Of those who carried it off in its hey day, The Sparrow was probably the most iconic. His white helmet, his nickname, and his goals all made him one of the stand out players in the great Clare team of the decade.
While "The Sparrow's" Mycro helmet was far from unique in the mid-90s, Colm Bonnar's Cooper certainly was. While classic Cooper helmets were generally left over ice hockey helmets from a by-gone era, Bonnar's seems to be a more modern hockey helmet? Actually, we've no idea. It stood out though.
While the round Mycro helmet made somewhat of a breakthrough, another staple of the 1990s was the poor unfortunate on every underage team was landed with this monstrosity.
Cork's Timmy McCarthy was one of the few to bring the weird upside washing basket to senior inter-county level, and he somehow made it his own.
It drops points somehow for McCarthy replacing it with a more standard helmet later in his career, but he'll always be remembered for his original, and best.
John Mullane's red helmet qualifies as iconic for its rareness early in his career. Before helmets became compulsory, Mullane would generally bring out the red Cooper once or twice a season, and it would last for an average of about six minutes, before being discarded.
The only helmet on the list that's more about the accessory than the main event. Like Mullane's, Storey's white helmet on its own was probably not worn often enough to be iconic, but that chin strap? Amazing.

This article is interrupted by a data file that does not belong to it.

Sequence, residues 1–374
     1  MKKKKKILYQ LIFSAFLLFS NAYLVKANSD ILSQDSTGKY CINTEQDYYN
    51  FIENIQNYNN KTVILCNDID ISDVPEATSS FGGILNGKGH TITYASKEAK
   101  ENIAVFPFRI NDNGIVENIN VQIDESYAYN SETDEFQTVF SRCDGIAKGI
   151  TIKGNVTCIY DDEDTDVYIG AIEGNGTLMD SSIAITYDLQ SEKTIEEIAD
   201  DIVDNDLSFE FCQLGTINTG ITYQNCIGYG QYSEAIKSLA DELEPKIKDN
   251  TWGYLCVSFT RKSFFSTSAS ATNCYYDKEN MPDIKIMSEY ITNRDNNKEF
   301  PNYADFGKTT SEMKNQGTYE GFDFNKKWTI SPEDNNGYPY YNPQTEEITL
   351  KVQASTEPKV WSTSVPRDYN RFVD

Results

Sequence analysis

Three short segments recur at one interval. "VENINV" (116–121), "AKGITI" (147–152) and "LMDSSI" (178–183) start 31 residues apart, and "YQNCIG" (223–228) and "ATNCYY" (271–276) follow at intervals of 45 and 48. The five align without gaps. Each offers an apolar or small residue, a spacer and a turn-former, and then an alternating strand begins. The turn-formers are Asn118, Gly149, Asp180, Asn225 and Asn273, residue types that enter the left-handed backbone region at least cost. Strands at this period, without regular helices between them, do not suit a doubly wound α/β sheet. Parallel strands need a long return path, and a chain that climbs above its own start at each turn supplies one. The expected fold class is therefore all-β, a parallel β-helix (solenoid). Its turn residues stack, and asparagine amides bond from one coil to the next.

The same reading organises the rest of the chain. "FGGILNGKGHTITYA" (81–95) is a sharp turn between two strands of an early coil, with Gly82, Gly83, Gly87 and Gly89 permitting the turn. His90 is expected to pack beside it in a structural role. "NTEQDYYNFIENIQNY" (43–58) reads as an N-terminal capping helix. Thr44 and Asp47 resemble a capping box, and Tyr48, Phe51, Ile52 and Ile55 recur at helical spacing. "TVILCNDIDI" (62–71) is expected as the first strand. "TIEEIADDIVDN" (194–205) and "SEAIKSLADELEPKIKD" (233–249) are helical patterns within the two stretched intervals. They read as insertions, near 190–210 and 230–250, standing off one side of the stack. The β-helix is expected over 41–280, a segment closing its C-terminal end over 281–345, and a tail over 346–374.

Like Lohan's and Deane's, it difficult to see what use McCarthy's iconic green and white helmet was to him. This particular model has even less accessories as the two mentioned above, with the ear guard (Is it a guard, what actually is that thing?) not even attached.
The most normal helmet to have made the list thus far, Henry's was iconic because it was the calling card of the greatest hurler ever. The green of Ballyhale and the black and amber of Kilkenny became Shefflin's uniform from his first All-Ireland appearance in 1999 to his last in 2014.
While the yellow helmet has been a favourite of Tipp hurlers for years, no Tipp player had as iconic a connection with the helmet as Lar.
With his socks up and his yellow helmet on, Lar was unmistakable on the field.
Joe Canning's old red helmet belongs in the same category as Corbett's and Shefflin's, but astoundingly, Joe switched things up in 2017, changing to a white helmet. He did win the All-Ireland, so we'll forgive him the change, but it wasn't a popular move in these parts!
Sadly, but in a really nice touch, Keady's white helmet was brought to the altar at his funeral in 2017. In the days of few helmets, Keady's white number really stood out in the crowd.
He wore it for the 1988 season, where he was named hurler of the year, and upon his sad death, most of the clips used to honour his memory included him wearing the classic white helmet.
So, who have we missed out on? Let us know.